World Rainforest Movement

Colombia: By law, the forest must disappear

The disappearance of the forest would seem to be the premise in the various political instruments created in Colombia for the forestry sector. However, most of them euphemistically set out objectives for conservation and protection.

Official forestry policy declarations have been issued in the country in 1974, 1984, 1989, 1993, 1996 and 2000, in addition to the signature of various international conventions and treaties aimed at forest conservation. However the present circumstances involving forest cover and the populations closely related to it show that their objectives have only partially been achieved. This is one of the conclusions of one of the reports by the Audit Office of the Republic on the state of natural resources and the environment (General Audit Office of the Nation, 2002). In this way, the State auditing bodies themselves have reported on the inefficiency of the policies, resulting -in addition to other factors- in deforestation and degradation of the country’s forests.

The above mentioned policy declarations, together with the National Forestry Development Plan were the background documents for the preparation of law 1021, or the general forestry law, issued in April 2006, governing activities geared towards the forestry sector which, as we will see further on, is facilitating actions to the detriment of forests and of the communities who live therein. This is further aggravated by the national policy for the promotion of agro-fuels, in force since 2002.

The present situation of Colombia’s forests is a matter for concern and its similarity with what is happening in other countries of the inter-tropical zone responds to an extractivist rationale, which is limited to the consideration of nature as a source of wealth and accumulation, revealing great disregard for forest peoples and environmental rights. It is thus that the country has a considerable package of rules promoting forest exploitation and the establishment of plantations, many of them copied from the forestry model of countries shown as a prototype, as for example, Chile.

The first laws formulated affecting Colombian forests, show the imprint of this noxious rationale. Such is the case with the 1936 law 200 on land regime, which stipulates as private property “the estates owned by private parties, in the understanding that this possession involves economic exploitation of the soil by means of positive actions carried out by the owner, such as plantations or agricultural crops, occupation with cattle and others of similar economic, importance.” (Colombian Senate, 1936). Thus deforestation is clearly promoted together with plantations as a positive action, a notion perpetuated to our days, although the drafting of texts resorts to euphemisms to indicate the contrary.  This same consideration of ecosystem destruction as an improvement, is promulgated by the International Monetary Fund in its manual on public finance statistics (IMF, 2001).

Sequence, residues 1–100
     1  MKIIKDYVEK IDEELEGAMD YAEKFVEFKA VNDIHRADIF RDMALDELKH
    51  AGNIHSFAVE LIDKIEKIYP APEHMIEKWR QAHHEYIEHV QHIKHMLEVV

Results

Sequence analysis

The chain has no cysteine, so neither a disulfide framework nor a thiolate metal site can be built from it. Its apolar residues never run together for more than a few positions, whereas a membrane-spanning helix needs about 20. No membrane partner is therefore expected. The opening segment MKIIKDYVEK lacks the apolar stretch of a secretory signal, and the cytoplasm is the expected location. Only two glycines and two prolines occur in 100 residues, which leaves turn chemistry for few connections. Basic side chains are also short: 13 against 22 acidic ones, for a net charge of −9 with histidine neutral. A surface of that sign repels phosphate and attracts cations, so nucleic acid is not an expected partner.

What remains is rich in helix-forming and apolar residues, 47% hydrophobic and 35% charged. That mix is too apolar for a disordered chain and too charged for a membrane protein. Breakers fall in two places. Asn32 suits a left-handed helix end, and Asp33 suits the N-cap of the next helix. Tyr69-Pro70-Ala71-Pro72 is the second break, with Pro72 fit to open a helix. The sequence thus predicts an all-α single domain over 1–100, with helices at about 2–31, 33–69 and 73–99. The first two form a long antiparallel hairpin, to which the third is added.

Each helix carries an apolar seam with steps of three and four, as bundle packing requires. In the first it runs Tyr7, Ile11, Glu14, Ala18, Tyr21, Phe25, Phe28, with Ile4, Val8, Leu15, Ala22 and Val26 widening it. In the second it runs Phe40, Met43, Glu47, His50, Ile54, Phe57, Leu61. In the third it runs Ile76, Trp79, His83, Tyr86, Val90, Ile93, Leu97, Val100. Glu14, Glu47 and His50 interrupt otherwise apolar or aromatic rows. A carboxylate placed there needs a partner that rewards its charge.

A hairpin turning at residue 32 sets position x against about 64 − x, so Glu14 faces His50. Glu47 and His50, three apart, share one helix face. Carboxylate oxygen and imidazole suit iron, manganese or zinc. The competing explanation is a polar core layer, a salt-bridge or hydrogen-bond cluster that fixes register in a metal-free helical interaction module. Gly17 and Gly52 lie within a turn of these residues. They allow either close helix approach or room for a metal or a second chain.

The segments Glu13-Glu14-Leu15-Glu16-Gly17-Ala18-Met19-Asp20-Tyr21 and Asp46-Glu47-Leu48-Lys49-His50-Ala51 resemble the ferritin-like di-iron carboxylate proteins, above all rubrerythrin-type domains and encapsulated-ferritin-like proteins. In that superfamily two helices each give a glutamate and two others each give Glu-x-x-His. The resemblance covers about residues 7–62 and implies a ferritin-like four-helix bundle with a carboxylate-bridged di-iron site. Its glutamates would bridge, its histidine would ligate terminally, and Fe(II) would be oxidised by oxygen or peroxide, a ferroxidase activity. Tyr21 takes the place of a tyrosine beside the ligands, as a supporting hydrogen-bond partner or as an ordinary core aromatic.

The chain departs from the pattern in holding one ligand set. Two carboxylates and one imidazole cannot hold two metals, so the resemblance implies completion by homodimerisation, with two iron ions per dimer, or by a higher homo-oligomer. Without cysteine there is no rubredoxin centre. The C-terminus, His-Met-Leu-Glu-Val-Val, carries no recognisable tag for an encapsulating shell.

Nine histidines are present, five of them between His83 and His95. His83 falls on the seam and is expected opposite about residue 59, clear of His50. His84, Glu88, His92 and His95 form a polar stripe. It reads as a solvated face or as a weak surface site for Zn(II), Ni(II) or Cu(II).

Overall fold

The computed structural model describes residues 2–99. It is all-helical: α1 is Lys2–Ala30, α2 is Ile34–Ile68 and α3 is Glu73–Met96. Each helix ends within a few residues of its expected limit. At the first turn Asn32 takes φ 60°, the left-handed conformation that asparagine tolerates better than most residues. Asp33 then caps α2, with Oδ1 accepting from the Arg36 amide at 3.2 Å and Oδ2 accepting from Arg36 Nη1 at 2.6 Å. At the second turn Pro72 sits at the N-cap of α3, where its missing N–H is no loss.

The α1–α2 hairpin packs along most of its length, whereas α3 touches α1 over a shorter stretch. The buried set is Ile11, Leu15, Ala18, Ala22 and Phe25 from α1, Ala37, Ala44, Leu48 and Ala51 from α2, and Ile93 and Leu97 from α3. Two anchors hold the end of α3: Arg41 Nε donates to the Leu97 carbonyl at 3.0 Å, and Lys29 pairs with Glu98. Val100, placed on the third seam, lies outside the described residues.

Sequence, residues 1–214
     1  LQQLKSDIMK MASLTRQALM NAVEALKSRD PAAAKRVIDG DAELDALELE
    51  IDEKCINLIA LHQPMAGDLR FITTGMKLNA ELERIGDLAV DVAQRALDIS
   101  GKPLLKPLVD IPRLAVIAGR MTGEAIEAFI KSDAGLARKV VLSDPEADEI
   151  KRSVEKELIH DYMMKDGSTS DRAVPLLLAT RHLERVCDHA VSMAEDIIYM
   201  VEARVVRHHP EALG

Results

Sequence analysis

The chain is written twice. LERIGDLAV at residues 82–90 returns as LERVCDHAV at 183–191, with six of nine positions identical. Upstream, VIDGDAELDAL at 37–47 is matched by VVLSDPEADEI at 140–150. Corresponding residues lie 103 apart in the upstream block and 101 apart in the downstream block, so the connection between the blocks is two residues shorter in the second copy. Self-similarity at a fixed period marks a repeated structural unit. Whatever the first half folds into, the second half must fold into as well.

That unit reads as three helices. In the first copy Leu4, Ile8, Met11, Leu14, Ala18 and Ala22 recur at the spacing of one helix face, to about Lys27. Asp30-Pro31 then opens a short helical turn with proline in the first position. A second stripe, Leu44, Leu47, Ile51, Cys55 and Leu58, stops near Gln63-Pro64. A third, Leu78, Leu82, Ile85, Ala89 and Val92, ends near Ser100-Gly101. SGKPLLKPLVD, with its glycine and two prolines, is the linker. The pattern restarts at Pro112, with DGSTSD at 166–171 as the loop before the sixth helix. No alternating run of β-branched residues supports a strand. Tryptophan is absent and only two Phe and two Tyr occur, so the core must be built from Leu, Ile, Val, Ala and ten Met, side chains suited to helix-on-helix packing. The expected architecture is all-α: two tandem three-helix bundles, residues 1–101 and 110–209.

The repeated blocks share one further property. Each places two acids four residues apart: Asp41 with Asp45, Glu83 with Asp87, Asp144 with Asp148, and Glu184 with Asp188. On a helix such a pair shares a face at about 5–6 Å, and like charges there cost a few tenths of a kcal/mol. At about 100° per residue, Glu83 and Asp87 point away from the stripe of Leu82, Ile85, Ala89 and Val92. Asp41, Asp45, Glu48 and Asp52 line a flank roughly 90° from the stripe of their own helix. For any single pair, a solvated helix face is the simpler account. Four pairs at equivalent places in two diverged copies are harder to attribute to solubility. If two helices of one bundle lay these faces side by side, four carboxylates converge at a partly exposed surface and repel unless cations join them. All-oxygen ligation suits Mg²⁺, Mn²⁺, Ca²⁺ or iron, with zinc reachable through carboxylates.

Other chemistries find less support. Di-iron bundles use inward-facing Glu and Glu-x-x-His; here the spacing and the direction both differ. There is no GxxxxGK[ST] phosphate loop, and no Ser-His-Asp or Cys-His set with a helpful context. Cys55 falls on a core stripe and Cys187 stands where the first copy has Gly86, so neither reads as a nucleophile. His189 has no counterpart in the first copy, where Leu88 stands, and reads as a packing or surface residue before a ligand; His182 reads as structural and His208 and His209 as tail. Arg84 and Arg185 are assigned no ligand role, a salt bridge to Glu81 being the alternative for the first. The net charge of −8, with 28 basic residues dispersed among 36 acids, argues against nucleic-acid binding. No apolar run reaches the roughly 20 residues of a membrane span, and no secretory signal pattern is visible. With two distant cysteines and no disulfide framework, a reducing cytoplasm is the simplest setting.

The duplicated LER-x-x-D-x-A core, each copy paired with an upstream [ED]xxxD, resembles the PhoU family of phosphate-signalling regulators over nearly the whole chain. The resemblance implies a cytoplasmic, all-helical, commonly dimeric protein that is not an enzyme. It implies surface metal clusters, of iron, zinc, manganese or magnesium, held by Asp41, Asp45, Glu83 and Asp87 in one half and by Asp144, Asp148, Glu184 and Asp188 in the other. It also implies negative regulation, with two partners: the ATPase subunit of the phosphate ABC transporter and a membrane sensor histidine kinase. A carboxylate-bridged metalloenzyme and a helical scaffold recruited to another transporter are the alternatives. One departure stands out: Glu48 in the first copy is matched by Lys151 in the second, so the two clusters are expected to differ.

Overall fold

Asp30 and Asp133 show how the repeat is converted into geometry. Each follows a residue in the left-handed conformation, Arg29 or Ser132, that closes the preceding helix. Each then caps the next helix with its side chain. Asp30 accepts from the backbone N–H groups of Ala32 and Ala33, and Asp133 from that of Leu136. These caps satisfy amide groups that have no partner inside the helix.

In the manner described above, the way to acquire land ownership has been regulated and following this it has never ceased, with Colombia reaching one of the highest levels of private property concentration in the world, amassed in the hands of five thousand large landowners (Mondragón, 2003). It should be noted that this concentration has been achieved through a process of violence, ranging from dispossession of indigenous peoples’ lands, to paramilitarism and the rule of drug lords (Mejía, 2007).

However, national policy guidelines have not been limited to the level of resource use -meaning exploitation- but have also included the promotion and creation of agro-industrial investment companies largely responsible for devastating ecosystems and violating human and environmental rights in the country, as in the case of the violent appropriation of community land in the Chocan Pacific for oil palm crops (Mejía, 2007). An example of such policies is the 1995 CONPES 2786 document. In his 2007 paper, Mejia makes the following inventory of the promotions, incentives and exemptions seeking to encourage late yielding, export and fuel crops, based on documentation from the Ministry of Agriculture:

CIF – Forest Incentives Certificate: Law 139 of 1994: donation of up to 75% of plantation establishment costs and 50% of maintenance costs from the second to the fifth year.

ICR – Rural Capitalization Incentives: up to 40% of the loan for rural modernization, establishment and sustenance of small farmers.

AIS – Safe Agro Income: for small farmers, covers up to 100% of the project. For medium-sized farmers, up to 80% of the direct costs, with low interest rate, for a 15 year period and 3 years grace.